Ship Holland Log Book

Ship Holland Log Book, 1799, MS 69657. Connecticut Historical Society, Hartford, CT

All of these collections are available for research. Come visit!

January in the Archives

The cataloging has continued here at CHS. Here is a sampling of some of the records making their way to the online catalog.


Ok, maybe not that kind of alien. One of the collections cataloged last month was the Governor John Treadwell papers. The papers include incoming and outgoing correspondence and several speeches of John Treadwell while Lieutenant Governor and then Governor of Connecticut.  The incoming letters discussed such issues as the Alien and Sedition Acts of 1798, the election of 1800, the use of gun-boats for national defense, and the early talks of Union secession over the institution of slavery. Correspondents include Lyman Beecher, Henry W. Dessasure, Chauncey Goodrich, Governor Roger Griswold, James Hillhouse, Ebenezer Huntington, Joseph Lyman, Timothy Pitkin, Benjamin Tallmadge, Uriah Tracy, Jr., Benjamin Trumbull and Rev. Newton Skinner.  Treadwell’s speeches include his acceptance as Governor and those given at the opening of the General Assemblies during his term. (Ms 22445)


An unusual piece Barbara uncovered is a handmade booklet, primarily consisting of newspaper clippings about witchcraft in Connecticut and Massachusetts printed in the Hartford Evening Post and The Union and Advertiser of Rochester, NY.  Along with it is a handwritten letter from Jules to Pat (no last names) about witches in Windsor. The booklet is titled Witches of Windsor, and the Witch-hunters of Hartford and was written by David Williams Patterson.  (Ms 10732)

Why the teacher always told you to put your name on the paper!

Ten of the account books we cataloged this month have unknown authors. They include several merchants and storekeepers, a dressmaker, a weaver (more below), a bricklayer, and two butchers.  We have many anonymous account books, which is really too bad. The information can be quite interesting and it would be great to be able to give the authors credit.  For example, the Dressmaker’s account book records the sale of shoes, hooks and eyes, dresses, undersleeves, hats, hair pins, whalebone, welting, yard goods, lace veils, and aprons. Charges were for cutting, fitting, making and basting dresses.  The customers, mostly women, lived in the Norfolk, Connecticut area.  There was, though, also an account with Joseph Battell & Co. (Account Books/2010.002)


Lately Barbara has started venturing into our genealogical manuscript collections. Among these is the collection of Donald L. Jacobus genealogy correspondence, research, and personal diaries.  The collection consists primarily of correspondence, arranged alphabetically by correspondent, related to Jacobus’ genealogical research. Correspondents include Helen G. Carpenter, John I. Coddington, Meredith B. Colket, Jr., George Dudley Seymour, Helen Turney Sharps, Frank Farnsworth Starr, Clarence A. Torry, and the publisher Tuttle, Morehouse & Taylor.  There are also notebooks, abstracts of vital and cemetery records, newspaper clippings, index cards for his sources, research on the descendants of King Ferdinand and Queen Isabella, and a selection of book announcements, sent to him either in his capacity as editor of The American Genealogist or as an independent researcher. Included are manuscripts for two of his books, one on the families of New Haven and the other on the Waterman family. Of note are diaries kept by Ida Wilmot Lines Jacobus and her son, Donald Lines Jacobus, which provide insight into their private lives. Both Donald and Ida lived in New Haven, Connecticut. The volumes from 1905-1907 and 1922-1948 were kept by Ida Jacobus. When she became ill at the end of 1948, the diary was continued by Donald. With the exception of one entry in 1952, Donald kept the diaries from 1903, 1952, and 1963-1969. On February 27, 1952, Donald noted his mother’s death. Ida’s diary entries were more in depth than Donald’s, but both wrote of day to day activities. Also of interest is Donald’s baby book and several posters, in Russian, promoting socialism over capitalism. (Ms 97520)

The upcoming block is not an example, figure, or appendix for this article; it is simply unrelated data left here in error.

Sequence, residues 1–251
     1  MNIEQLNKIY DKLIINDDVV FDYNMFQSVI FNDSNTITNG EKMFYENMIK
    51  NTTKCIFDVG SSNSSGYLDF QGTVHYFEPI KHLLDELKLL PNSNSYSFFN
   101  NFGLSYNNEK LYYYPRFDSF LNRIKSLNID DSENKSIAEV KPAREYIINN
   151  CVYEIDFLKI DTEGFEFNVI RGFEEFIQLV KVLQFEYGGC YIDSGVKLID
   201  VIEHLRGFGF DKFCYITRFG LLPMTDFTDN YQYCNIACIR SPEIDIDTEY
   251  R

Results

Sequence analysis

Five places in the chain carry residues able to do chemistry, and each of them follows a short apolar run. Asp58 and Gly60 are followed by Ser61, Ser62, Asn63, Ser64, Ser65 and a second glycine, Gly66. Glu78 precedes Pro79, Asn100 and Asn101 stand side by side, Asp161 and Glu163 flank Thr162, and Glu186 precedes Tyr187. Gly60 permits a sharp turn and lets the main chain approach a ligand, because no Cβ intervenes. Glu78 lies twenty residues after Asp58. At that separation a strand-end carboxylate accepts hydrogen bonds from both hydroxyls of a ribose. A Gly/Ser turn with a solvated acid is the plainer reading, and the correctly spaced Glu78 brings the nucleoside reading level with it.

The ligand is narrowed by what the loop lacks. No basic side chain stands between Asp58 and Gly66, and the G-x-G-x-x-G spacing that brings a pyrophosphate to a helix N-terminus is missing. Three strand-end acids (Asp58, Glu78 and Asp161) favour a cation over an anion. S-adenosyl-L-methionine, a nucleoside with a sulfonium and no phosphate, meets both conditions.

D.L. Jacobus

Genealogist D.L. Jacobus in his early years (Donald L. Jacobus Genealogy Correspondence, Research, and Personal Diaries, 1903-1969, MS Jacobus. CHS, Hartford, CT)


In addition to the Anonymous weaver’s account book, I also cataloged the Lippitt Manufacturing Co. weaving book and the White & Robinson weaving book. All three seem to be from Rhode Island, though the clients recorded in the anonymous book resided throughout central Connecticut.  The Lippitt volume has an interesting twist. In addition to listing the names of the weavers, as well as information on the amount and type of work they performed and their pay, the volume was used to record sales of lottery tickets for the Fairfield (Connecticut) Episcopal Society. Most of the purchasers were from the Pomfret, Connecticut area. Geographically, Pomfret and Fairfield are about as far apart as any two Connecticut cities can be! (Oversize/Ms 64633, Ms 66336-12, Account Books/Ms 66336-22)

All of these collections are open for research. Come visit!